The broad east face of Sheep Hill.
Summit and lookout Summit marker View from Sabe Rattlesnake Basin
Lookout Point 8,094 North ridge Rocky Mt paintbrush Sheep Hill above lake basin Unnamed point 8,202
Sheep Hill is a large lenticular shaped mountain in the southern portion of the expansive Clearwater Mountains of north central Idaho. This area of the Clearwater Mountains is the highest with many 8,000+ foot summits rising above the low elevation canyons of the upper Selway and Salmon basins. The east side of the mountain is formed by a very steep mix of cliffs and large block talus that falls off 1,400 feet into the headwaters of Rattlesnake Creek. The south supports a broad basin near the summit and ridge continuation to the Salmon River over 5,800 feet below. The bottom of the large Bargamin basin is 4,000 feet below to the west and to the north the long ridge extends north with a deep ravine like cirque to the northwest. The views are especially spectacular to the south across the deeper than a mile Salmon Canyon to the Salmon River Mountains and southern Bitterroots. Sheep Hill is the highest point between Mineral Hill in the Gospel Hump area to the west and Salmon Mountain to the east; a distance of 41 air miles. On its longitude there is no higher point north of the Salmon in Idaho and none until well into Canada.
The 8,405 foot mountain has 1,665 feet of prominence and is the highest point in the extensive ridge system that forms the east boundary of Bargamin Creek and the upper portion of Running Creek. This extended ridge is peculiar in that it is the highest ridge around, but runs north and south crossing the main Salmon/Clearwater divide perpendicularly, while most large geographic features in the Clearwater and upper Salmon basins run east and west. This ridge system runs over 20 miles and has several points over 8,000 feet. The three summit basins support four lakes with Goat Lake in the north basin, Sheep Spring Lake in the south basin and two lakes, Rattlesnake and an unnamed lake to the east. The long hike to Sheep Hill from Dry Saddle passes by eleven other lakes.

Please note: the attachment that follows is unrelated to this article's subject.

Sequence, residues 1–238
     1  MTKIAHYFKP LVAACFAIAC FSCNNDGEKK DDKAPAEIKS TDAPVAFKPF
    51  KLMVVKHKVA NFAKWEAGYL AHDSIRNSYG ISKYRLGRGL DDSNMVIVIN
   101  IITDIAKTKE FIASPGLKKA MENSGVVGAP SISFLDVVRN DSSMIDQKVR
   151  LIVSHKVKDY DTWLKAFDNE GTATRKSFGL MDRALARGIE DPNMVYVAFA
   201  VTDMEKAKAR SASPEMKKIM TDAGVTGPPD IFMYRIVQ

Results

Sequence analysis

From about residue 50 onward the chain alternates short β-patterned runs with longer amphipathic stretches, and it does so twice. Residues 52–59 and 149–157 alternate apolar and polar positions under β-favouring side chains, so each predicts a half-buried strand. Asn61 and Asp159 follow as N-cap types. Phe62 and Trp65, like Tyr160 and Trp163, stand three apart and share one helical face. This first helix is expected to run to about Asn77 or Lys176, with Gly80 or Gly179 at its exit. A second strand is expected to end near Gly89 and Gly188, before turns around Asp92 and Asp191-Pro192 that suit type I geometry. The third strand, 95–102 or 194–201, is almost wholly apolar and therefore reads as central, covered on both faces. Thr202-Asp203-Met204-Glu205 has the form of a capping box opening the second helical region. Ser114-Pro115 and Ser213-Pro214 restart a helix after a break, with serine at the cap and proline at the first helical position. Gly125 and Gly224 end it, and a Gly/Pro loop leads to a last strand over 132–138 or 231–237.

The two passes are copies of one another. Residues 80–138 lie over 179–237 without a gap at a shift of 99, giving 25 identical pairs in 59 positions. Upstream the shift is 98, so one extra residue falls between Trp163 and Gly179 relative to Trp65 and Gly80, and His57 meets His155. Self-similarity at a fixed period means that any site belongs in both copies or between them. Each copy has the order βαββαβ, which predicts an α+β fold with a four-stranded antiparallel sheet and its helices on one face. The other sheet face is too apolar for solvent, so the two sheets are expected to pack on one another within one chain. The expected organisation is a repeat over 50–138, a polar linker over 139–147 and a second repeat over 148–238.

While the area is beautiful, wildfires have diminished the appeal somewhat leaving much of the area a standing dead forest. Fires are not generally suppressed in the wilderness areas and after several years of severe burn conditions, there isn’t much left to burn with tens of thousands of acres impacted. Beautiful, lush green forests can be found in the upper Rattlesnake basin and the Lake Creek Lakes basin north of the mountain.
Though the mountain is quite remote, the lookout reports that he gets a fair number of visitors. This is probably due to the he Idaho Centennial Trail
) that crosses over the summit and connects the Salmon River to the Magruder Road at Dry Saddle trailhead. There are also multiple lakes in the area, an active lookout to visit and several outfitters packing into the Frank Church River of No Return Wilderness. Hunters with stock frequent the area in the fall so wear orange and be aware. In addition the area supports a good wolf population so consider leaving the dogs home.
Looking north over the route from Sheep Hill
Trailhead Shadows near trailhead Trial forks View northwest North on ridge Saddle Point Point 8,202 Trail relocation area Into the lake basin Deadman Saddle North ridge area Summit ridge On top Snag city Sabe Mountain Grouse
From Highway 95, turn east into Grangeville and continue on main street (Highway 13) for a long mile to the east edge of town. Town ends abruptly at the intersection of Highway 13 and the Mt. Idaho Grade road. From this intersection turn south (right) on the Mt. Idaho Grade road. After driving approximately 0.7 miles take the curve to the left at the drive-in theater (the curve is the main road). Continue on through the cluster of houses known as Mt. Idaho and soon the road will descend into the deep canyon of the South Fork of the Clearwater River. The road hits the canyon bottom and Highway 14 joins from the left, 9 miles after the theater curve.
At the bottom of the grade continue straight for 38 miles to the Red River Road. Turn right and continue up Red River for about 14 more miles to Red River Ranger Station. Turn right (keeping on the pavement) and go through the Ranger Station for 0.4 mile to the Montana Road, Forest Service Road 468 (also known as the Magruder Road or the Nez Perce Trail Road). Turn left off the pavement on this road and continue 19 miles to the junction of road 285 to Green Mountain. Keep right and go approximately 31 miles to trailhead at Dry Saddle . From Grangeville, the total drive will take approximately three hours depending upon traffic and driving conditions.
Caution should be taken on much of this route. For several miles on Highway 14 just east of the base of Mount Idaho Grade, the road is very narrow and twisted. Watch the speed and stay on the right side of the road and hope the oncoming traffic (largely composed of RVs and logging trucks) does as well. The shoulder is falling into the river on this already narrow road and in some places even the white strip is going, leaving absolutely no space between you and the river. On the mountainous portion, the road is very narrow and steep from a little beyond the junction with Road 285, which is about 19 miles in from the pavement, to Poet Creek. If you meet another vehicle, one of you could be backing up a long way.